Japan will nationalise a group of islands at the centre of a territorial row with China, the government said Monday, prompting an angry rebuke from Beijing which vowed to "never yield an inch".
"During the ministerial meeting today, we agreed that we will obtain the ownership of the three Senkaku islands as quickly as possible," Chief Cabinet Secretary Osamu Fujimura told reporters, using the Japanese name for what China calls Diaoyu.
The decision to purchase the islands, which will be formally owned by Japan's Coast Guard, was aimed at their "quiet and stable maintenance", he added.
Chinese Premier Wen Jiabao however insisted the islands were "an inherent part of China's territory".
"On issues concerning sovereignty and territory, the Chinese government and people will never ever yield an inch," the official Xinhua news agency quoted Wen as saying later Monday.
Noda has been somewhat bounced into the deal by Shintaro Ishihara, the outspoken right wing governor of Tokyo, who said he wanted them developed to protect Japanese sovereignty.
China has previously reacted with muted irritation since reports emerged that the Japanese government was going to buy the chain from their private landowners.
Analysts say Noda's solution -- owning the islands and not doing anything with them -- is the best thing he could do because it will go some way to assuaging nationalist fervour at home while not annoying China too much.
Fujimura said the purchase is "not an issue that would stir problems with other countries".
"Having said that, we hope that it doesn't influence broader Japan-China relations. After the Chinese side expressed interest, diplomats from both countries have kept in close contact."
Often testy Japan-China ties took a turn for the worse in August when pro-Beijing activists landed on one of the islands.
They were arrested by Japanese authorities and deported. Days later about a dozen Japanese nationalists raised their country's flag on the same island, Uotsurijima, prompting protests in cities across China.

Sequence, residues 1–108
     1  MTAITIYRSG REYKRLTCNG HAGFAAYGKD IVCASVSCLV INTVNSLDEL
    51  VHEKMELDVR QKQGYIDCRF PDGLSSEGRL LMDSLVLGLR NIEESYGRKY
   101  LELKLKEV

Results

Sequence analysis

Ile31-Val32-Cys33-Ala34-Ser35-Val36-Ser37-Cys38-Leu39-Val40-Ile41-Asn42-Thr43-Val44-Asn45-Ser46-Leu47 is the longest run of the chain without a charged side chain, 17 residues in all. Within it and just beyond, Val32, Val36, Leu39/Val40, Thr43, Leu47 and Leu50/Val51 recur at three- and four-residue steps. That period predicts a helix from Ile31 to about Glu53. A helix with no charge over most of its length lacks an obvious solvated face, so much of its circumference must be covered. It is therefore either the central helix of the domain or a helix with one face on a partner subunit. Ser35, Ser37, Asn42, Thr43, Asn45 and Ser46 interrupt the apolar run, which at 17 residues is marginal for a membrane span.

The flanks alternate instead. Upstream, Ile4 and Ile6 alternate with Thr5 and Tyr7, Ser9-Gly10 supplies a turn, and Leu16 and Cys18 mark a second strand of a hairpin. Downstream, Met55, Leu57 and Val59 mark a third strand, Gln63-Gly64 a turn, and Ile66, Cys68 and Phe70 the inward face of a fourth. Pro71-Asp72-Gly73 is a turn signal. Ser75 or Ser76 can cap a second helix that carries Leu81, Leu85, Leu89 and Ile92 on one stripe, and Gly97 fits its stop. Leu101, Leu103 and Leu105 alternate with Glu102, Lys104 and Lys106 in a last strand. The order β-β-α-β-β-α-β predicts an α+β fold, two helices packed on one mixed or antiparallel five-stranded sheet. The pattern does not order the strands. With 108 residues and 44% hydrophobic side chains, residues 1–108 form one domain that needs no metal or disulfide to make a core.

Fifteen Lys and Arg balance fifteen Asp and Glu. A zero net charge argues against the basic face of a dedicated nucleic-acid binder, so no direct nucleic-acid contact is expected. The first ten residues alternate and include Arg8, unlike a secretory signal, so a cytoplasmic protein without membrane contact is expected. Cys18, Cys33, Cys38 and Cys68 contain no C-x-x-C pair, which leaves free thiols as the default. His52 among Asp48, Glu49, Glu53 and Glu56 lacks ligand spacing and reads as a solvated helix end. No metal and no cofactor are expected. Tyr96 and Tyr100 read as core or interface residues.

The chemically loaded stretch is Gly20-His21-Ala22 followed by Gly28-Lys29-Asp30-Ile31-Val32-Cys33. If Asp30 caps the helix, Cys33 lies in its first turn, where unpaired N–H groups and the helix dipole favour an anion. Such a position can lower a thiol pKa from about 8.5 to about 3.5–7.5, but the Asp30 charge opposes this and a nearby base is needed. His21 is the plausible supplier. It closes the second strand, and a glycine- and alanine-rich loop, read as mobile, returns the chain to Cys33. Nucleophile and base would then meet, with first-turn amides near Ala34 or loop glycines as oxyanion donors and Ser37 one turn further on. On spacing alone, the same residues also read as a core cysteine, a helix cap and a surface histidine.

In Beijing, the foreign ministry reiterated China's claims over the islands, which lie around 200 kilometres (125 miles) from Taiwan, and 2,000 kilometres from Tokyo.
China's Foreign Minister Yang Jiechi lodged a "strong protest" with the Japanese ambassador, calling the purchase "illegal" and "invalid".
"This in no way will change the historic fact of Japan's usurpation of China's territory, nor will it shake in the least China's territorial sovereignty over the Diaoyu Island and adjacent islands," a statement posted on the foreign ministry website quoted Yang as saying.
"The Chinese government and people will never allow our territory or sovereignty to be violated or damaged and will resolutely safeguard sovereignty over the Diaoyu Island and adjacent island."
"The Chinese side strongly urges the Japanese side to rescind the mistaken decision of 'purchasing the island'," he added.
Analysts say both sides are trying to reduce the diplomatic temperature as they eye the 40th anniversary of normalised ties at the end of the month.
Noda did not hold a formal summit with China's President Hu Jintao on the sidelines of the weekend's Asia-Pacific economic summit in Vladivostok, but the two did meet informally.
Japan's government currently leases four islands and owns a fifth. It does not allow people to visit and has a policy of not building anything there.
The islands sit in a strategically important shipping area and valuable mineral resources are thought to be nearby.